Credit Where Credit Is Due

No, we don’t get the credit. The Ray does. They have done the work (amazing work), and all the Foundation does is write the check.

Last week, I attended the Southeastern Council of Foundations  Annual Meeting, a regional gathering of grantmakers of all types. It’s always a great event, primarily because of the network it offers, but also because of the two or three ideas I typically take away from the sessions or speakers. I heard a good one this year.

I was serving on a panel, and one of my fellow grantmaker panelists remarked on how often grantees and the public try to give foundations like ours credit for great projects and programs. This panelist makes a habit of clarifying, “No, we don’t get the credit. Our grantees do. They do the work, and all we do is write the check.”

I agree with this sentiment. Don’t get me wrong, I think that discerning grantmaking is important, and doing our job well requires identifying the right partners. Still, whenever I look at one of our grantees being successful, I realize how little we do compared to how much they do.

So it is with all of our partners, but it’s especially true with The Ray. Many of you are familiar with this initiative, but if you are not, this is a great time to learn about them. After all, The Ray just launched a new website, and I encourage each of you to spend some time on it. Be sure to bring your imagination with you, because they’re all about inventing the future.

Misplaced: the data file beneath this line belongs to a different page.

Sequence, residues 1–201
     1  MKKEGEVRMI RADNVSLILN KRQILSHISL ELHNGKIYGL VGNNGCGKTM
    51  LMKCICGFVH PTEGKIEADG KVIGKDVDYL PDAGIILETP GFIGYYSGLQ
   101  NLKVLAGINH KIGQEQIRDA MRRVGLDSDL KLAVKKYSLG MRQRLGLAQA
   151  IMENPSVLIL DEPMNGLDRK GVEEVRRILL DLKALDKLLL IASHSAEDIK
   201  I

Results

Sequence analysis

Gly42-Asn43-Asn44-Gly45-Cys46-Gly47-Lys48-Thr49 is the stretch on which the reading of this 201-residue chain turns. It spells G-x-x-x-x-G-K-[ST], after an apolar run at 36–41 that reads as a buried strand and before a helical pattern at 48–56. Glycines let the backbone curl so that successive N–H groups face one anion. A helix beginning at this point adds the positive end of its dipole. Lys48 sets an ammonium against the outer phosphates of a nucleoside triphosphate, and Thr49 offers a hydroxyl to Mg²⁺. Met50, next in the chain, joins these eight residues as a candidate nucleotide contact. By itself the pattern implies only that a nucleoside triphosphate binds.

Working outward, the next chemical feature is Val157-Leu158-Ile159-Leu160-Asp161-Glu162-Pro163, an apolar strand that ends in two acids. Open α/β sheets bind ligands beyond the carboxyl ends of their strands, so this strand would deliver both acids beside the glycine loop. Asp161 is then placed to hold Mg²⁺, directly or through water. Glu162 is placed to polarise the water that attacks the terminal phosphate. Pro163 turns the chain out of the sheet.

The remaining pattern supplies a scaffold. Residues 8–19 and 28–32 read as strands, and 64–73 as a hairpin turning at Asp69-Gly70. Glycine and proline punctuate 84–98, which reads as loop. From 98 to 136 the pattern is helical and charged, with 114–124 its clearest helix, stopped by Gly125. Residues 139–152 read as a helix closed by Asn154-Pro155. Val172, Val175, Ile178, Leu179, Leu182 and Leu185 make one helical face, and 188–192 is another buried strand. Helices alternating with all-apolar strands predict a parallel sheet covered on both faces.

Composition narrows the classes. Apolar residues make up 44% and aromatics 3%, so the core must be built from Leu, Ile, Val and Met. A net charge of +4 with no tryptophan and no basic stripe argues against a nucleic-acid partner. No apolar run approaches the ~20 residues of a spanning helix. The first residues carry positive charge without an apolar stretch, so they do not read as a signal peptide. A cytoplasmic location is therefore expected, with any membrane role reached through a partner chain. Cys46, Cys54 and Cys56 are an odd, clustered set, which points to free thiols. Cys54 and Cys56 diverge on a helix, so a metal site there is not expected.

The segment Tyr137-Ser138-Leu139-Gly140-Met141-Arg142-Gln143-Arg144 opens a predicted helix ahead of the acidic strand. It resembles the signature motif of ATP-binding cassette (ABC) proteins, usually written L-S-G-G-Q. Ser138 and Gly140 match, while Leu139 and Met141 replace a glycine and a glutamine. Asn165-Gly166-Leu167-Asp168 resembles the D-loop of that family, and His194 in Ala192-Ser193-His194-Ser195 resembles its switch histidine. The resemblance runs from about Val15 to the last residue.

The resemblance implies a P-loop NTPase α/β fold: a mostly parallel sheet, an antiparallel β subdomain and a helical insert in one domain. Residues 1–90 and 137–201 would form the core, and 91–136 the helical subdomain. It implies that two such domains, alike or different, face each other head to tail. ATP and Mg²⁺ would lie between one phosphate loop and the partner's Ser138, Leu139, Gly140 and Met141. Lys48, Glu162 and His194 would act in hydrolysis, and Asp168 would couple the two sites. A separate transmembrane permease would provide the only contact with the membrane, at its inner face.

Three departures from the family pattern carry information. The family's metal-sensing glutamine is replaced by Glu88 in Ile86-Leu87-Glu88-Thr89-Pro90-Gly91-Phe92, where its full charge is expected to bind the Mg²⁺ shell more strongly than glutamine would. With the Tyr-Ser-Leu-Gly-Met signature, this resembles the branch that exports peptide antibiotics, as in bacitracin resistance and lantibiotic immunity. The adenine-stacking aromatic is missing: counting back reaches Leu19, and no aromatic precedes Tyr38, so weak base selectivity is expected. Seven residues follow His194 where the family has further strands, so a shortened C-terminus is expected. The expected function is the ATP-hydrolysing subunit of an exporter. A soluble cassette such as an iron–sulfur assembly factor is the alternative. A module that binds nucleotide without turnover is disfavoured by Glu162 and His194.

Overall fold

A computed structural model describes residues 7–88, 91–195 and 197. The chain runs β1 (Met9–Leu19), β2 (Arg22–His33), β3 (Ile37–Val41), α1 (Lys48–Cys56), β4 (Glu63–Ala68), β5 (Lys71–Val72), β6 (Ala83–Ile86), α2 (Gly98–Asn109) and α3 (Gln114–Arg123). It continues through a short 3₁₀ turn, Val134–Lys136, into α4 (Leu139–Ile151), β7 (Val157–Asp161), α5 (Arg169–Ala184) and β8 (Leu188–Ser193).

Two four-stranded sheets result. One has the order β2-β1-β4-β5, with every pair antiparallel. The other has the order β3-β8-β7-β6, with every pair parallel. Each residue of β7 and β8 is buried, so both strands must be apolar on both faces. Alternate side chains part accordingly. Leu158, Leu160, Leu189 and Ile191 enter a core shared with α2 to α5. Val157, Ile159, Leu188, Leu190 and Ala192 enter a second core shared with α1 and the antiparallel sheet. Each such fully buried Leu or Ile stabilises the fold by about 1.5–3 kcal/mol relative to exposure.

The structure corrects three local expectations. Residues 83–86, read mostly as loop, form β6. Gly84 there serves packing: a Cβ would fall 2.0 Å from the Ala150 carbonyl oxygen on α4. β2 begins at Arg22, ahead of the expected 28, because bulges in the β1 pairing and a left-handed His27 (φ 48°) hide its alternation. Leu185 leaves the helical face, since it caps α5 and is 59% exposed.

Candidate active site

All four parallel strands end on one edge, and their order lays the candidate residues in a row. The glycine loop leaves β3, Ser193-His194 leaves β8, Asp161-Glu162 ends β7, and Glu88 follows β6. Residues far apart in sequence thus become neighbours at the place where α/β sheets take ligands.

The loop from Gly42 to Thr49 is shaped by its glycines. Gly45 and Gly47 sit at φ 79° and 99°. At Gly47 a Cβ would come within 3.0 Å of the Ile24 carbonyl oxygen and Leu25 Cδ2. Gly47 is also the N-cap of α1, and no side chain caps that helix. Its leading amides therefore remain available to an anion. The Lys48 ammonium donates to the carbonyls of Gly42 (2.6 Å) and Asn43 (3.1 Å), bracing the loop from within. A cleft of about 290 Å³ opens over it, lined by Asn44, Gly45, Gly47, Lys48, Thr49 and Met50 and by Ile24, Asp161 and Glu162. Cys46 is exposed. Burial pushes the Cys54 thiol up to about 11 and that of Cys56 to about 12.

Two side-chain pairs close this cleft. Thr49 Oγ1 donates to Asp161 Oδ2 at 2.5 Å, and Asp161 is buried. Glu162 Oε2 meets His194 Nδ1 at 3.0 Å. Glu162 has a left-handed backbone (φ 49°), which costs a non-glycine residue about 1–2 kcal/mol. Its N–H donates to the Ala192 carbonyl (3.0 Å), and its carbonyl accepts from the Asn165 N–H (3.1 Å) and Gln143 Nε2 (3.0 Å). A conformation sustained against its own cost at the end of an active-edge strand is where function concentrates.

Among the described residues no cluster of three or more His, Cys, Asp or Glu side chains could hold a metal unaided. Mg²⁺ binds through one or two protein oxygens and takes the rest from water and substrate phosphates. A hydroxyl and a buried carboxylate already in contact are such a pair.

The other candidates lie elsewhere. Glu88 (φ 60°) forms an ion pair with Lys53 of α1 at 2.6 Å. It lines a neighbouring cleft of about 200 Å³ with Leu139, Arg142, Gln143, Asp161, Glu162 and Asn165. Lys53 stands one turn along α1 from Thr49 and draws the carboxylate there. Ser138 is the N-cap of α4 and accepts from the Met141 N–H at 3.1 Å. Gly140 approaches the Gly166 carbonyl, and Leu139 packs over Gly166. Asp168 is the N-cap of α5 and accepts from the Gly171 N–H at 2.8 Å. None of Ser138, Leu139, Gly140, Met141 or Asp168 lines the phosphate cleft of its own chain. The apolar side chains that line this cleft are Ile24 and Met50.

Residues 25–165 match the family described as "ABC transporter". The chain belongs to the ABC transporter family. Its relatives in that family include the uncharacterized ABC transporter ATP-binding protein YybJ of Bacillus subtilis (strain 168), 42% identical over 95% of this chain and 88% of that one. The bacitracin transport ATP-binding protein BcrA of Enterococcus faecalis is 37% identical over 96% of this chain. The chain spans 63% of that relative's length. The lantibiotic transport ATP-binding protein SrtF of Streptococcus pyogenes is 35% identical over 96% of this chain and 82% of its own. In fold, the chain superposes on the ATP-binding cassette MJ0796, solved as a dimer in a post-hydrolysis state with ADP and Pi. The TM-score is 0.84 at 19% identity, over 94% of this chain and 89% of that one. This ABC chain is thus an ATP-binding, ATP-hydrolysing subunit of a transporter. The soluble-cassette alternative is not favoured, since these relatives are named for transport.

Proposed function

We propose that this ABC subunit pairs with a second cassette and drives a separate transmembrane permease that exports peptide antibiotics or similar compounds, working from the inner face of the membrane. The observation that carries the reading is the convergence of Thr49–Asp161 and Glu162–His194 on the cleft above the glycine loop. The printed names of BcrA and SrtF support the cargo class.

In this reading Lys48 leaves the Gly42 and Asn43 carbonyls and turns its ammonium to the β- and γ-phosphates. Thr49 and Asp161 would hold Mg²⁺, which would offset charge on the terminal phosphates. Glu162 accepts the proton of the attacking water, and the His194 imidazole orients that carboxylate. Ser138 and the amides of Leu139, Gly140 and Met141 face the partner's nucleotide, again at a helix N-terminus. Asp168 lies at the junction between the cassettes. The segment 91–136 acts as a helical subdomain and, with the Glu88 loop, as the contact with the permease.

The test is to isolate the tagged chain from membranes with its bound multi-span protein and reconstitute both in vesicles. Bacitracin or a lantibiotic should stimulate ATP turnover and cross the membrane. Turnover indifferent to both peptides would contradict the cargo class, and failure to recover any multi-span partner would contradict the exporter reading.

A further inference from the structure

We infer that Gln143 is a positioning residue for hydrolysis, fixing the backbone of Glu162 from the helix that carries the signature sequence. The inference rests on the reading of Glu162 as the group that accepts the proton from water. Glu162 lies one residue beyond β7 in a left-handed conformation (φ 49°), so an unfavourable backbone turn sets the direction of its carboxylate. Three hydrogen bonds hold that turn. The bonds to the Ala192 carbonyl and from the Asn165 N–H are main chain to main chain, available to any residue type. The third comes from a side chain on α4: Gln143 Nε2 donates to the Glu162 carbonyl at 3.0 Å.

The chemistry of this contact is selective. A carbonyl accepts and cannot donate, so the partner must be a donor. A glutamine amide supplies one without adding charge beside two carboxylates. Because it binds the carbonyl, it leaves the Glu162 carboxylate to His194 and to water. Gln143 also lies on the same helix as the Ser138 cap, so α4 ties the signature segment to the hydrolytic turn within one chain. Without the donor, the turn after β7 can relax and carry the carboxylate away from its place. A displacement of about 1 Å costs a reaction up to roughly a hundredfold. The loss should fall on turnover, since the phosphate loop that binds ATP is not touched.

In short, The Ray is working to transform our highway infrastructure, making it more sustainable if not regenerative, all while using the Ray C. Anderson Memorial Highway (the first 18 miles of I-85 in West Georgia) as a proving ground. Our highways haven’t been improved in a meaningful way since the Eisenhower administration, so it’s safe to say this is a desperately needed initiative. Our communities and our environment stand to gain so much from The Ray’s work.

From the very beginning of The Ray, Harriet and Phil Langford (Foundation Trustees and my aunt and uncle) have had an immense passion and commitment to this work. When our Foundation created The Ray as a new nonprofit, they were the right people to lead it. Moreover, we’ve been grateful that four others have joined their team: Allie Kelly as Executive Director and John Picard, Lisa Lilienthal and Alan Anderson as Board members.

I hear quite often how impressed our friends in the environmental movement are by The Ray. It has captured many imaginations, and The Ray has attracted enthusiastic partners like the Georgia Department of Transportation and Kia Motors Manufacturing Georgia.

People will often congratulate me for this grantmaking initiative. But no, we don’t get the credit. The Ray does. They have done the work (amazing work), and all the Foundation does is write the check.

So again, I urge you to spend time on their website. I haven’t even told you in this post what they’ve done in the last year! Even more exciting things are coming before the year is out.

And if you happen to run into The Ray Team (kind of like The A-Team, but even cooler), be sure to congratulate them on all of their successes. They deserve it.